Fostering a Mentoring Relationship

Jeanette Cullen, DC, BA

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Building a Mentoring Relationship  Mentoring Functions

– Listening, Counseling, Coaching, Educating, Sponsoring and Role Modeling

Mentor Benefits

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Becoming a Mentor/Friend  Mentoring Functions  Mentoring Skills  Establishing Trust  Building Relationships

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Developing a Mentor-Mentee Relationship  Mentoring takes time, patience and understanding for the pieces to fall into place

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Mentee – a youth receiving the benefits of a mentor  Mentor – a trusted counselor or guide, tutor or coach

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What does it take to become a mentor?

 

Mentors are experienced, wise people who are willing to advise and encourage a younger person. A mentor may make the difference in success or failure of a mentee. Research has shown that “achievers are influenced by specific people in their lives far more than underachievers, that whether or not young people succeed depends in great part on individuals who help them establish values and who inspire effort.” (Mahoney 1983)
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Mentors can help young people
Increase self-esteem & self-confidence  Develop communication, listening & socialization skills  Develop friendships  Motivate and reach personal achievements  Make decisions  Develop respect for self and others  Achieve many other goals

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Effective Mentoring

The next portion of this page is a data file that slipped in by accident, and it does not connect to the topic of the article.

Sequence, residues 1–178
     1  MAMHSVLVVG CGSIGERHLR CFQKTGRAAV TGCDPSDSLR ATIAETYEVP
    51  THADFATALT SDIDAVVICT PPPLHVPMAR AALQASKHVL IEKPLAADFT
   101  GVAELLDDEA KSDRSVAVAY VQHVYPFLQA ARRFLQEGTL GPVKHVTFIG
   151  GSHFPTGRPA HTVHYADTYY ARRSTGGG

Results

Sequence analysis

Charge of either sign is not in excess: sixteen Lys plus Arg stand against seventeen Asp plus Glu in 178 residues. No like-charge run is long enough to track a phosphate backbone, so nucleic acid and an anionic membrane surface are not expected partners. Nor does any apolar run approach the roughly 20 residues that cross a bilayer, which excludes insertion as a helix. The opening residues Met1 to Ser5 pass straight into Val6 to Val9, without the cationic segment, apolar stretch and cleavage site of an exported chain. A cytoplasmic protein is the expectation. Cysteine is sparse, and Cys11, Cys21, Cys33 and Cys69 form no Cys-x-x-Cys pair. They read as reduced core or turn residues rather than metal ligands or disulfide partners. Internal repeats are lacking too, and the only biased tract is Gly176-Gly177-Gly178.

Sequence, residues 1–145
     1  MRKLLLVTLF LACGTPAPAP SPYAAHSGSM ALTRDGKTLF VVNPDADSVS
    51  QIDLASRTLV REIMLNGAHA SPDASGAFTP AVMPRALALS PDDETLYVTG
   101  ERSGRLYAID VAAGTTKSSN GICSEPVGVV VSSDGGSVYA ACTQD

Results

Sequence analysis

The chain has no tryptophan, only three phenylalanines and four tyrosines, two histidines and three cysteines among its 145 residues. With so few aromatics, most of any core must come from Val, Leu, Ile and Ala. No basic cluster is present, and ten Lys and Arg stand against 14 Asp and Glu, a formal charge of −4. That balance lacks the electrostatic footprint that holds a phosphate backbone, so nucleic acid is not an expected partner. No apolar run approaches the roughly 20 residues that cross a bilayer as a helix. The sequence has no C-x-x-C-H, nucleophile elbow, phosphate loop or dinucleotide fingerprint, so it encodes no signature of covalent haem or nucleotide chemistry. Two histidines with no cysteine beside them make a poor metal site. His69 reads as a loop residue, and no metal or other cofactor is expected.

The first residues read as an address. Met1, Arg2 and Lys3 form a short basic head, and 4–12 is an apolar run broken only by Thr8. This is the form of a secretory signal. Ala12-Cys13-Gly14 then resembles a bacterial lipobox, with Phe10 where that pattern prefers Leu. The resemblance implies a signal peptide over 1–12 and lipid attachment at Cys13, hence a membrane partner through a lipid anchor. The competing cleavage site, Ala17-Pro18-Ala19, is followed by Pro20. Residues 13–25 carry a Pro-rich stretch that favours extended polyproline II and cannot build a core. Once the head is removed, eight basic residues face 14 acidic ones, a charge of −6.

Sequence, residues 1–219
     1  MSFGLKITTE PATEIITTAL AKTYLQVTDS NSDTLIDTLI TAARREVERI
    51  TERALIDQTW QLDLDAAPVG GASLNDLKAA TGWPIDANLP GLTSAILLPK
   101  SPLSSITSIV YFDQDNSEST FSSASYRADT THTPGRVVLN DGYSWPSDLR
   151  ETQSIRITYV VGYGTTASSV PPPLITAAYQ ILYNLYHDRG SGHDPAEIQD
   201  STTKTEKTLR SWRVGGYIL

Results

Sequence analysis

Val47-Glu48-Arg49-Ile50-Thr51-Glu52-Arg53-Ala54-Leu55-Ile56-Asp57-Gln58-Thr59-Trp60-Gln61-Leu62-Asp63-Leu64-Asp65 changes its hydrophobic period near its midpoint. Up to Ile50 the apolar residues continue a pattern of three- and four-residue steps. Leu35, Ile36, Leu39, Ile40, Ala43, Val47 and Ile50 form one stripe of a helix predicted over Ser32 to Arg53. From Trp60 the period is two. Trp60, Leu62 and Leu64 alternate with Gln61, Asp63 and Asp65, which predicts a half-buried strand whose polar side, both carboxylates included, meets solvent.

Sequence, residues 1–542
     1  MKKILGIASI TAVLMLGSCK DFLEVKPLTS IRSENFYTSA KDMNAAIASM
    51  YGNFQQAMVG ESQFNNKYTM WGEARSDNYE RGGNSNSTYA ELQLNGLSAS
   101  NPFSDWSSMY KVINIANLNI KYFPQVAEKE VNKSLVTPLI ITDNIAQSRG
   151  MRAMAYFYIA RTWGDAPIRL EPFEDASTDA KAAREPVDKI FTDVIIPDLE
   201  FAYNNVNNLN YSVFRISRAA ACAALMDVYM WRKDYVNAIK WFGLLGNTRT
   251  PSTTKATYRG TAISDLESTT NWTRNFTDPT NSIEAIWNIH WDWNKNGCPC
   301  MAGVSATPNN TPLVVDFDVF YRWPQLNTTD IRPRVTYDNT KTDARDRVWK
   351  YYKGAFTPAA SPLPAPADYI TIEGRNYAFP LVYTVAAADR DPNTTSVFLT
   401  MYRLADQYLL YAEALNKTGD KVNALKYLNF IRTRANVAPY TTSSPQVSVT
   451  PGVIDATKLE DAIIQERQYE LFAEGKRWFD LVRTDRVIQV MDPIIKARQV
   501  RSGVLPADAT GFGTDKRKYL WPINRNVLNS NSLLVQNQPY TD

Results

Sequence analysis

Maintain a steady presence in a youth’s life  Respect the youth’s viewpoint  Pay attention to the kids’ need for fun  Get to know your mentee’s family, but do not become too involved with them  Seek and use the advice of the program staff

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Who becomes a mentor?

Any mature, caring person who has enough time and energy in his/her life to share with a youth can become a mentor. To be a mentor you must enjoy sharing your knowledge, skills, abilities and insight with a youth.

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Mentoring is a Satisfying and Rewarding Experience
Most mentors learn or gain something personally from their mentoring experience, including feeling that they were a better person, increased patience, friendship, a feeling of effectiveness and new skills.  Mentors develop self-sufficiency as well as increasing their own interpersonal and problem solving skills.

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Mentoring Functions

Listening – The most important function of the mentor may be to listen. Many youth do not have anyone at home who is willing and able to listen to what they have to say. Youth are often able to sort out their own problems and arrive at their own solutions just by having someone with whom to “talk out” the situation.
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Mentoring Functions (cont)

Counseling – Through discussion mentors can help youth gain a different perspective of their problems and their own abilities to deal successfully with them. Coaching – Giving advice and providing feedback are important as a youth takes on new challengers. Coaches can give praise for a job well done, encouragement when the going gets tough, and constructive criticism when changes need to be made. It is always easier to deal with the negatives when you know there are some positives.